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Michael C. McKenna University of Virginia

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Formative Observation . Sharon Walpole University of Delaware. Michael C. McKenna University of Virginia.

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Presentation Transcript
slide1
Formative Observation

Sharon Walpole

University of Delaware

Michael C. McKenna

University of Virginia

slide2
Formative observations are observations conducted by coaches or other teachers for the purpose of directing instructional improvements. They are in no sense evaluative. They are never used as part of principal evaluations of teachers.
today s goals
Today’s Goals
  • Revisit the role of observation in the work of a literacy coach
  • Understand the design of an innovation configuration
  • Construct a three-level innovation configuration for use in your school
back in school
Back in School . . .

Conduct a walk-through using the innovation configuration you’ve made

Revise your innovation configuration after its use

Prepare a reflection to share at our next meeting.

two types of observations
Two types of observations
  • Walk-through: brief visit to see whether a practice is being implemented or not
  • Full observation: extended visit to understand the full context and quality of the practice across the instructional block
formative observation is an important part of leadership
Formative Observation is an Important Part of Leadership
  • Formative observation is neither an invention nor a requirement of Reading First. It has a longer tradition.
    • Literacy coaches as leaders are very similar to department chairs in successful high school improvement efforts.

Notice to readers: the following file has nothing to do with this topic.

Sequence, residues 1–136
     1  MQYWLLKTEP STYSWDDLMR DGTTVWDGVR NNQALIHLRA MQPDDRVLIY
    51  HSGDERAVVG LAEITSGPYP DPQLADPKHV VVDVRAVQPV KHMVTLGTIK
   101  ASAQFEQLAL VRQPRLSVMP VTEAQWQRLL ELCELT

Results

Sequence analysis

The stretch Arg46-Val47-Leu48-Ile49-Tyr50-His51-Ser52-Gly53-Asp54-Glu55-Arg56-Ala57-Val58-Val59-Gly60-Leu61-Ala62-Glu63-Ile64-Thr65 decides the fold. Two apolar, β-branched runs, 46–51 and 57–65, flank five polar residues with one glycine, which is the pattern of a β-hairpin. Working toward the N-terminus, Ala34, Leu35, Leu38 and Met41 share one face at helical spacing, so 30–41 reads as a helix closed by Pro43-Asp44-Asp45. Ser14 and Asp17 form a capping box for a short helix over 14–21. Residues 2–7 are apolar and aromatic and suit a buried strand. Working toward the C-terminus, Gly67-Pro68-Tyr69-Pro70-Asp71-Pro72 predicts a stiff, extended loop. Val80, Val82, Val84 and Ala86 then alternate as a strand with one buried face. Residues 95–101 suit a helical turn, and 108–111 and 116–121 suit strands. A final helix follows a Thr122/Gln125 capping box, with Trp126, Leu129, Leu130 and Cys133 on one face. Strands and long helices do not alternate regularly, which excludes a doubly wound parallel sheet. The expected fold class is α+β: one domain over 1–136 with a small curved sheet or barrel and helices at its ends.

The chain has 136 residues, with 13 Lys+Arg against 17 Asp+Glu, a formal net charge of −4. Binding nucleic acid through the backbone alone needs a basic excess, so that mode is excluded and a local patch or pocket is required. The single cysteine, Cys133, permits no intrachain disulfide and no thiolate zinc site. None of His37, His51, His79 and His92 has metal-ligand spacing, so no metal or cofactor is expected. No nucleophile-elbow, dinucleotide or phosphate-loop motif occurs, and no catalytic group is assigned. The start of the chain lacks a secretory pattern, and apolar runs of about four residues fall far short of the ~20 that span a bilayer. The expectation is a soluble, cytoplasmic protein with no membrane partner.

• Teacher leaders (as opposed to the leadership of the principal) rely on formative observation as an integral part of their strategy for ongoing improvement

Gabriel, 2005

observations create school culture
Observations Create School Culture
  • Frequent observations create a climate of collaborative instruction and combat a climate of isolated professionalism
  • One school-wide strategy that you could adopt is the standards-based walkthrough
    • Teachers work in teams and walk through the whole school during a teacher work day.
    • They look for evidence that the curriculum is being implemented.

Roberts & Pruitt, 2003

setting the stage
Setting the Stage
  • If principals describe the role of literacy coach observation early in the school year, teachers will know that these observations are part of the principal’s overall plan for the school.
  • Literacy coaches can set the stage through individual conferences even before observations start
    • Individual student achievement profiles